"Maybe even worse. I can't remember exactly. After I wrote it, I decided not to send it, but I hit send accidentally. I couldn't believe it whooshed off and there was nothing I could do."

"Let's hope it doesn't come across to him as harshly as you meant it."

"Would you talk to him?" Rachel asked as we continued on to the parking lot. "You know, professor to professor. Pretend I didn't tell you anything and try to find out what he really thinks of me and my work." Rachel stopped again and put her hands to her ring-laden ears, a minimum of six silver baubles on each. "No, wait. I don't want to hear it."

I looped my arm in Rachel's, glad to see that she'd kept a sense of humor about her situation. "I'll give it a try, but we're not exactly best friends."

"If Dr. Appleton had any friends at all, you'd be it."

"Ouch. I'm not sure I like that distinction."

"He always says how you're the only one who remembers his birthday."

"That's because it's the same day as Lamarck's, August 1."

"How do you do that? Remember dates? Like for some eighteenth century biologist?"

"For Lamarck and Dr. Appleton, I make the association that both of them developed theories that don't work.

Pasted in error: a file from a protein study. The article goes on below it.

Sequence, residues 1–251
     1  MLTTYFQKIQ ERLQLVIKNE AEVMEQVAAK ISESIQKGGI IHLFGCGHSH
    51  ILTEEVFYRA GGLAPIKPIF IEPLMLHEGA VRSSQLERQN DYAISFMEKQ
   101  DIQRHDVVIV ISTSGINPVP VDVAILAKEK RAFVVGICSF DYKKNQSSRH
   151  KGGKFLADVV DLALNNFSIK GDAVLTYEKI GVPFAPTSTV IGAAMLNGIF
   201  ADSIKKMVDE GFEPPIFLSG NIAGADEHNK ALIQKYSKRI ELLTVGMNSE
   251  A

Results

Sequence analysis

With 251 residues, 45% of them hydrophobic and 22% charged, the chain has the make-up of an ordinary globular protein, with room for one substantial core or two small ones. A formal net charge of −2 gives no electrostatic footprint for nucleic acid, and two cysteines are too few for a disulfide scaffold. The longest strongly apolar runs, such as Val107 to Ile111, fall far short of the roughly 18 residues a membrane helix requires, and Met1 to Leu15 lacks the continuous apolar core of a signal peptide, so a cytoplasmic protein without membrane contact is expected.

"I like that. Dr. Appleton's theory is that if you torture your students, they'll learn better," Rachel said.

"And Lamarck's is that if you keep frowning, the lines on your forehead will deepen and your kids will inherit deep frown marks."

Rachel gave me a broad smile that smoothed out her forehead. "I get it."

"Much better," I said.

When we arrived at my car, Rachel turned to me. "If you don't feel comfortable talking to him, don't worry. I'll be okay." She gave me a reassuring grin. "If I don't make it to med school, well, doctors don't make the money they used to, anyway."

"And we all know that's what matters most to you."

I gave Rachel a playful nudge, and waved good-bye from the front seat of my smokestone metallic Fusion. Strange name for a color, but today the interior felt like I imagined a smoking stone would. I could barely turn the key in the ignition, very hot to my touch. I cranked the A/C to max.

I couldn't let Rachel down, but I didn't look forward to talking to Keith Appleton either. He was my age, mid-forties, yet he had a way of making me feel unimportant and inexperienced. There was no telling whether my interceding on Rachel's behalf would help or hurt her chances of gaining his approval of her thesis.

My fondest hope was that somehow the situation would resolve itself before I had a chance to contact him.


Fifteen minutes late for my beading class, I tried to sneak in through the back door of A Hill of Beads, the shop owned by my best friend since high school, Ariana Volens. She and I had gone off to different colleges on the west coast and in Boston, respectively, but reunited as soon as we moved back to town.

I breathed in the scent of Tibetan incense—sweet jasmine this time—Ariana's latest favorite for calming the mind. I tiptoed to a seat at the end of a long table where six other women had gathered, but I should have known Ariana wouldn't let me get away with a quiet entrance.